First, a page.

Make It: Paint Dipped Copper Necklace



I’ve had the idea for this paint dipped copper necklace in my head for some time, and if you’re any sort of creator you know it’s always nice when the concept comes out even better than you anticipated! This guy is sure to be a staple in my summer wardrobe and offer some color to my mostly black, white, and neutral wardrobe. I love how customizable it is – use as many copper couplets and whatever and however many colors of paint as you’d like.




• copper couplets (I used 1/2″)
• 2 – 28″ lengths of 1/8″ cotton/polyester rope
• craft paints in the colors of your choice
• 4 oz plastic cups
• wax paper
• clear nail polish (optional)




I chose neon pink, neon yellow, white, and black for my color palette. I like that the black and white keeps my necklace colors in tune with what I already have in my wardrobe, while the neons offer a pop of interest.  Start by pouring about half an inch of paint into each of your plastic cups. (Because you won’t actually be using that much you can pour the remainder right back into the bottle post-dip!)




Tear off a short piece of wax paper and set your paint and cups on top of it. Dip one of the copper couplets into the paint making sure to touch it to the bottom of the cup, then remove and gently shake off as much of the excess as possible. Set couplet on the wax paper to chill out for a minute. Repeat with all couplets and paint colors.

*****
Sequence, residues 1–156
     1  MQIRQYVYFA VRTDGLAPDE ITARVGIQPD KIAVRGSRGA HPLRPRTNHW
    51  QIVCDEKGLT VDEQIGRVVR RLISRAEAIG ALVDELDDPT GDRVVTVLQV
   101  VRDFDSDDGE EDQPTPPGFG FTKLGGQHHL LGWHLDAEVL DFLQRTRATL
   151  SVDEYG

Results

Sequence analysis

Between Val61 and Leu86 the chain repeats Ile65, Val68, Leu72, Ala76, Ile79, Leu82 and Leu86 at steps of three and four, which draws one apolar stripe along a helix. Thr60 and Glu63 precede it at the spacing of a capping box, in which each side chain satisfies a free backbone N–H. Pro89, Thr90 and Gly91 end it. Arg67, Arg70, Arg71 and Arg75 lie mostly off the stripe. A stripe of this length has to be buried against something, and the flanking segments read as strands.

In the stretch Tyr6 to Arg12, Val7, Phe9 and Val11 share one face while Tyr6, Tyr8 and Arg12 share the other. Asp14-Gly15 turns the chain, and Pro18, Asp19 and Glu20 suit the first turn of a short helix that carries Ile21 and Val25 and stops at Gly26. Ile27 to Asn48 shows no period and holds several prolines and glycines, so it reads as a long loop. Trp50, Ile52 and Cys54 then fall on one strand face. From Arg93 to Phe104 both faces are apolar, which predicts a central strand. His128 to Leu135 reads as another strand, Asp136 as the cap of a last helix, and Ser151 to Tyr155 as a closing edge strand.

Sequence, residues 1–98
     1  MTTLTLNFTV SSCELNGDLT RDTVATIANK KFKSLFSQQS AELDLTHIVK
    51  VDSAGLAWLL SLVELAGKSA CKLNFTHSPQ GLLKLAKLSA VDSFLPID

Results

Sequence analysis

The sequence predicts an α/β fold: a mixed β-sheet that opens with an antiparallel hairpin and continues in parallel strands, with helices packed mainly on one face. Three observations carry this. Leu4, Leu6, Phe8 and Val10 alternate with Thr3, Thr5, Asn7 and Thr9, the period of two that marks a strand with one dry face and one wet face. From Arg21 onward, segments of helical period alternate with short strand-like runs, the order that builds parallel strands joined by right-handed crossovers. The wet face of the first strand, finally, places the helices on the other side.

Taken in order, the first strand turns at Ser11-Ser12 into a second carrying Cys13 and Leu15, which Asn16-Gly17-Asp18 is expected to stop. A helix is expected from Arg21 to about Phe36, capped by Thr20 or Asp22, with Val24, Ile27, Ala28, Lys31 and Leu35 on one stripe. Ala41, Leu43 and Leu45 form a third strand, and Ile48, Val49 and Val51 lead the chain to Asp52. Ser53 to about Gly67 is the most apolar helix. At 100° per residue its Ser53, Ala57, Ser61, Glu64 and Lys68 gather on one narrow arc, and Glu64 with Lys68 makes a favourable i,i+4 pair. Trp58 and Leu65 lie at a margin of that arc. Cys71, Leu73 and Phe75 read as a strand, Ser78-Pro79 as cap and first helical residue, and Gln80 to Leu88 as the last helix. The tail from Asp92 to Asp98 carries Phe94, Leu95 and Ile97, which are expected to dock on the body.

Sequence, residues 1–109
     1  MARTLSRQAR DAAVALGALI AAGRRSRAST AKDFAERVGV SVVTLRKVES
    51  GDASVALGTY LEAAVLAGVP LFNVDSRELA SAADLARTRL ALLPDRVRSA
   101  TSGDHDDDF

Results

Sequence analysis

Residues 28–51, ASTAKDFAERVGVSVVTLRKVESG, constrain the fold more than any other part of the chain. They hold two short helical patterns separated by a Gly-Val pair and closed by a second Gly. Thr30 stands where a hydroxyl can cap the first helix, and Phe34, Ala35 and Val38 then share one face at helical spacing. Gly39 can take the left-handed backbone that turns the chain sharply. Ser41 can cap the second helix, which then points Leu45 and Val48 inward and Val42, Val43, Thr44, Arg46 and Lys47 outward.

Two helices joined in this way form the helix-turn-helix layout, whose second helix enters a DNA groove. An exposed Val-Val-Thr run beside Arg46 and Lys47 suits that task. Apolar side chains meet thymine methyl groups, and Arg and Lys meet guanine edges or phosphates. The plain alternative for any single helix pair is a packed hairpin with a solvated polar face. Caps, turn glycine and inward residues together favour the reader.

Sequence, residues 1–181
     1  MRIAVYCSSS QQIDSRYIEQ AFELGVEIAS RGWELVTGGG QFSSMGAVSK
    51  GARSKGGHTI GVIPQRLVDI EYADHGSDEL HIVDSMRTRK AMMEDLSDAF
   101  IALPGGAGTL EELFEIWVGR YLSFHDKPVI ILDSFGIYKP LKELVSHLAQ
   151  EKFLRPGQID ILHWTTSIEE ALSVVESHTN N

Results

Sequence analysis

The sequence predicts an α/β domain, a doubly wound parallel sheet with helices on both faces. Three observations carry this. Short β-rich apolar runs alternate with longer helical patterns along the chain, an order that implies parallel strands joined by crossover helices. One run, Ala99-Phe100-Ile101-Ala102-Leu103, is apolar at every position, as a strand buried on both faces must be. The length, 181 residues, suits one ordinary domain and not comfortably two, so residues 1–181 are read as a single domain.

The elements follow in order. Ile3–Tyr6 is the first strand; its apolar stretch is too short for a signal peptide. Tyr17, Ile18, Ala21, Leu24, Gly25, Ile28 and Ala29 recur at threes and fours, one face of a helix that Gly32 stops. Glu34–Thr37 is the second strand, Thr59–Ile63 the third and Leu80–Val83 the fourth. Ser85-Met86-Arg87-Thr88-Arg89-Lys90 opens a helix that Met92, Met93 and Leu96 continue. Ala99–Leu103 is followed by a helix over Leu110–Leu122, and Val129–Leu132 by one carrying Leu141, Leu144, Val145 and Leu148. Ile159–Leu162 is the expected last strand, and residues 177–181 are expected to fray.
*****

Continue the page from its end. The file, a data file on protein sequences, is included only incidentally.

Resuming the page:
After the couplets hang out for a bit (about 15 minutes) you’ll notice the paint beginning to pool at the bottom. The next step is simple – pick each one up and move it to a clean part of the wax paper. Wait another 30-45 minutes and do it again, except this time flip them over so they’re sitting on the unpainted end. So easy. Once they’re completely dry you can opt to do another round of dipping for extra coverage if you’re not satisfied. You can also coat the painted portions with some clear nail polish if you’d like added protection.




Only one step left! Snip off two lengths of cotton/poly rope and string up your copper pieces as desired, I settled on an end-to-end configuration after playing around for a bit. Tie the ends together (or use a clasp if you’re fancy) and call it a day.

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